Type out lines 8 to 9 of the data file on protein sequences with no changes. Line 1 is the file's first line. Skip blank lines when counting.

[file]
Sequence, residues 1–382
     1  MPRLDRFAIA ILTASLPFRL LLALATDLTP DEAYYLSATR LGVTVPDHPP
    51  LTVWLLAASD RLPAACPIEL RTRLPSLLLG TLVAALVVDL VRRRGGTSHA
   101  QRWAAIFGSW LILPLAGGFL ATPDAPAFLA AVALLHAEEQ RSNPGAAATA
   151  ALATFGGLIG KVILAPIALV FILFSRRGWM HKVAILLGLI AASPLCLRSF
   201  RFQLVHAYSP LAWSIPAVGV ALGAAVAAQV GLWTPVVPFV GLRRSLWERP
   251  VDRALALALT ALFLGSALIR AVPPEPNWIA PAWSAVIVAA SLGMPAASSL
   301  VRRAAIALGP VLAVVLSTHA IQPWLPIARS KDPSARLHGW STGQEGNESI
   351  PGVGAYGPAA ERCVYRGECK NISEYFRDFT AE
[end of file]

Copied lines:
   301  VRRAAIALGP VLAVVLSTHA IQPWLPIARS KDPSARLHGW STGQEGNESI
   351  PGVGAYGPAA ERCVYRGECK NISEYFRDFT AE